There are plenty of places where the overall process is described, the knowledge is available in other places, here it’s being shown in context of the virtual workplace, home lab, regardless whether it is Citrix Virtual Apps and Desktops, Remote Desktop Services or Parallels RAS. The core infrastructure and your compute will benefit out of it, as the patching process of each VM individually is time and resource consuming, especially when you have no orchestration layer for this purpose, and your usecase is home labbing, not an enterprise scale deployments.

If you decide to follow along, you will end up with updated ISO images, which will install in unattended way. If this is combined with the AXL or AutomatedCitrix repo and it’s PowerShell XenPLModule available on github. The module is far from being perfect and it left much to be desired, never the less it is a good starting point, and allows provisioning of VM’s directly from PowerShell, without any interaction with the XenCenter or XCP-ng Center.

Prerequisites and observations from the field

  • Dedicated servicing machine (w2k19 or w10), with the Windows ADK installed, I’m not recommending performing the image operations on your management or authoring node. The servicing machines does not have to be joined to the domain but it has to have access to the Internet.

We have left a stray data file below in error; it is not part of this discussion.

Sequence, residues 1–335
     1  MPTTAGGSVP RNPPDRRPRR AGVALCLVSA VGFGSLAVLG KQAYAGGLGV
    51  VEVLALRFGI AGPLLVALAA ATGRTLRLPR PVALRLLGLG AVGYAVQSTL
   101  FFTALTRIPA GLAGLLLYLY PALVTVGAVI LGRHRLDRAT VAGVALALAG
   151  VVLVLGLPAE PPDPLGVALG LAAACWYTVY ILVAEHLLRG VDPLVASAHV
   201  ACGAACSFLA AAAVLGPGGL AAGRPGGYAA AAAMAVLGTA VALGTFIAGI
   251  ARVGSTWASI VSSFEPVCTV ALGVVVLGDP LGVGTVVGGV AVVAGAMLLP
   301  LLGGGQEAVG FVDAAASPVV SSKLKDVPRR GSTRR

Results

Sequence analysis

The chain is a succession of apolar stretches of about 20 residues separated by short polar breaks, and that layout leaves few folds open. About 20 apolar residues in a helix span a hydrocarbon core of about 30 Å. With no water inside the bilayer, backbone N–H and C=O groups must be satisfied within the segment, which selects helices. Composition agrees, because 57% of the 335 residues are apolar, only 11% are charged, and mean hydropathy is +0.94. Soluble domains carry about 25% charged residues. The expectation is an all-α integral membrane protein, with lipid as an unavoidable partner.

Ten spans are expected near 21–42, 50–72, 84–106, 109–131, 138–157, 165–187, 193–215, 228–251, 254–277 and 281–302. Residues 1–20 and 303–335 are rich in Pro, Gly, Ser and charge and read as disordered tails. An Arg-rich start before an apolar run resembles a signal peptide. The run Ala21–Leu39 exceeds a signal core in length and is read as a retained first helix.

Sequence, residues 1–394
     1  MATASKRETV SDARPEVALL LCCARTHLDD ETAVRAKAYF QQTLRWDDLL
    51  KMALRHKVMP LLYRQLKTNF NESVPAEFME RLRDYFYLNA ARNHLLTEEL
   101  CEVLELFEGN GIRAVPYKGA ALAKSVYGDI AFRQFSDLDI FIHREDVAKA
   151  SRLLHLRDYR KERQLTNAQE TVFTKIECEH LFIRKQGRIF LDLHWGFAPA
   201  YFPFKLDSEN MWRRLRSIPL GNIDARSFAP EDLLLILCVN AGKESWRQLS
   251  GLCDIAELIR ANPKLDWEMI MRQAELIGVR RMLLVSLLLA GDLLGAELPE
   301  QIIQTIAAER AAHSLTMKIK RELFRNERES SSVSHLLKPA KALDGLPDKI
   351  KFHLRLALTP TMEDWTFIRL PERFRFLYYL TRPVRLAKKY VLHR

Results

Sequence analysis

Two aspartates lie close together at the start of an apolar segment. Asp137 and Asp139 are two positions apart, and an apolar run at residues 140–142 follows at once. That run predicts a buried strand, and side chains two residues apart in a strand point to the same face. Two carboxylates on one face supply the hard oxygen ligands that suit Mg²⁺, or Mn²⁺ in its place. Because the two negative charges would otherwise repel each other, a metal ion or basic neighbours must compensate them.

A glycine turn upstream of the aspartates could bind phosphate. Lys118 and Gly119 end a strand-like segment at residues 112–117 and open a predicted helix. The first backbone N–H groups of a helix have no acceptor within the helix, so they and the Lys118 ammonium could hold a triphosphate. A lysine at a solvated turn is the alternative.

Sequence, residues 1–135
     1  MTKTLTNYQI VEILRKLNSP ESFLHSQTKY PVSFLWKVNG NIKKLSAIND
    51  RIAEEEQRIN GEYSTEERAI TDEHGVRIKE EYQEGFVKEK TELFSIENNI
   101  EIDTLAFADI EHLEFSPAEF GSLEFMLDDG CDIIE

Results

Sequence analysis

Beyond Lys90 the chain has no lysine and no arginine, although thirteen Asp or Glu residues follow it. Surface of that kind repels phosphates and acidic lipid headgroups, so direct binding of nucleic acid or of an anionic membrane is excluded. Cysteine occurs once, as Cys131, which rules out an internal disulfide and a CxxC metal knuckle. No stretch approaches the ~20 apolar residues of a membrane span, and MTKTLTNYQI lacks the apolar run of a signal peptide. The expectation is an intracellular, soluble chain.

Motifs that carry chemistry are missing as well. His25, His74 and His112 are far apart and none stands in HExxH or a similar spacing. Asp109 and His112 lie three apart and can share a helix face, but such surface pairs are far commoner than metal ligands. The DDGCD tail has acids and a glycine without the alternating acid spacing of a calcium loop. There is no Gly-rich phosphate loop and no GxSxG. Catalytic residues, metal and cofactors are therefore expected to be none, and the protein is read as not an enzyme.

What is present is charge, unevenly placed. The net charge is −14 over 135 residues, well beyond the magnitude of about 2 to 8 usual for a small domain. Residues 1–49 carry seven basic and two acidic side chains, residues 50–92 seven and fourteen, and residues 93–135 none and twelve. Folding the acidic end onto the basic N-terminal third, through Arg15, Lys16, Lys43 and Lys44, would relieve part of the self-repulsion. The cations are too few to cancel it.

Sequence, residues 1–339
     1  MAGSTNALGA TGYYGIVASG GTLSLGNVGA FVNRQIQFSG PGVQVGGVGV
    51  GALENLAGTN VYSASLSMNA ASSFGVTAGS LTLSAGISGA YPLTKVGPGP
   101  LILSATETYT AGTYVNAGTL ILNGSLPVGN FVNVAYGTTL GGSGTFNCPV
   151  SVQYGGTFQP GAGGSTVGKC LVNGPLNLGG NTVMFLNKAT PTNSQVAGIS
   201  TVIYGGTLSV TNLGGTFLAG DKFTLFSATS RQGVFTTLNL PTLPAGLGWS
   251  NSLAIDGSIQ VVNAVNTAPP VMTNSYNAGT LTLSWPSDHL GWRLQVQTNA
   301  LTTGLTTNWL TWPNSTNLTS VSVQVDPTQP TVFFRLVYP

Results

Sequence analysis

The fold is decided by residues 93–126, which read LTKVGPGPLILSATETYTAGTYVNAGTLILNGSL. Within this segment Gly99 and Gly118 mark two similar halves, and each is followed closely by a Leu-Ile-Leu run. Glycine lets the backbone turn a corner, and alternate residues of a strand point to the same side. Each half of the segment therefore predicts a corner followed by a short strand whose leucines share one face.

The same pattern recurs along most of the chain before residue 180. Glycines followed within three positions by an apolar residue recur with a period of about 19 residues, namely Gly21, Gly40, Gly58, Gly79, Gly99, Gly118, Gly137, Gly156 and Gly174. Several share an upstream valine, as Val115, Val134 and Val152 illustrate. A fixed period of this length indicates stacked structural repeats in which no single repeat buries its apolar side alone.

• Was stuck with servicing machine powered by w10 22H2 - it can not access the samba share anymore. Previous versions of the operating system does not have this problem. (smb share - is the same for both)
  • Access to Microsoft Update webpage.
  • Adequate amount of free disk space, roughly each updated operating system consumes somewhere around 20GB of free space (including the updated iso file).
  • Regardless of the amount of vCPU the overall update process will take roughly up to 4hours. It’s more memory intensive and from time to time it bring some level of stress on the storage.
  • Rights to run an elevated PowerShell prompt
  • It would be wise to have a separated drive, where the OSDBuilder is located along with all the media and builds prepared by this great tool
  • If you have more than one image to maintain, due to the fact that the process is time consuming, consider spinning few vms and service the images in parallel.
  • The autounattend.xml for the windows 10, needs an update of the product key (it changes between versions - Enterprise has different KMS key than EnterpriseN - details about the keys can be found here)

Download the base image

If you start from zero MediaCreationTool.bat is the tool, which can help you to download the Windows 10. All you have to do is to rename the .bat file, in my case it was renamed to enterprise iso 21H2.bat. You execute it within the elevated PowerShell session. Be prepared that you should have sufficient space on your C: drive (at least 8GB), even though the working directory where you run the MediaCreationTool is on another drive.